Rethinking the Games People Play

How game science fosters employee engagement.

By Jerry Klein, Senior Solution Design Strategist, Maritz Motivation Solutions

We live in a world increasingly obsessed with games. From celebrity athletes performing before worshipful throngs to teenage boys lost in World of Warcraft, games engage and delight all ages. Businesses can capitalize on this trend toward play. Applying the mechanics of gaming to non-game activities can help to engage people in new and exciting ways.

“Gamification” is already everywhere. Currently, 120 million people earn points, level up, and receive rewards from airline Frequent Flyer programs. More than 6.5 million people around the world use location-based social network Foursquare to earn virtual points and badges via mobile phones by “checking in” at retail locations. Facebook’s social games are among the industry’s fastest growing, and they are bringing new demographics to the gaming craze. Many of these games are ancillary experiences to ordinary activities: booking an airline ticket, visiting your favorite coffee shop, or catching up with friends.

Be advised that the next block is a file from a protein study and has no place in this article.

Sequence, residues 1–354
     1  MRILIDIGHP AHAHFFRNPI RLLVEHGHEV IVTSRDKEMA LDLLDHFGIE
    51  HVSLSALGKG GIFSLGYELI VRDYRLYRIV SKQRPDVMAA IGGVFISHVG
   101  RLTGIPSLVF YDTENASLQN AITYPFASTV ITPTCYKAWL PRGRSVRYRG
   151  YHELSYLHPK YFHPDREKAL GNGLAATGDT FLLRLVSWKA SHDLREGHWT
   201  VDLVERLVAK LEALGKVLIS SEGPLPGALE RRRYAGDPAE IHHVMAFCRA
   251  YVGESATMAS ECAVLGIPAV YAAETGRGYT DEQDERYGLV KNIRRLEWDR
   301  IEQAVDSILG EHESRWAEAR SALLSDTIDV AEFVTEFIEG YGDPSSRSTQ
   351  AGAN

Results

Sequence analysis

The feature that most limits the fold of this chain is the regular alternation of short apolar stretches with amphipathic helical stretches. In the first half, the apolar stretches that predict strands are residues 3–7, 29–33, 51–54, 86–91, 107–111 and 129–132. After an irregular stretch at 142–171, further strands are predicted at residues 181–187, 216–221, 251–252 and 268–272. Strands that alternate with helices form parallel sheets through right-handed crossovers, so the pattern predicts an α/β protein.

The appeal of games lies in the realization that there is a scientific basis to fun!“Gamification,” or the introduction of game-like elements into ordinary experiences, works because of how our brain is wired. Games appeal to our innate desires for competition, challenge, status, and mastery. Game mechanics are rooted in the science of what happens in the brain when game-like elements are introduced into experiences.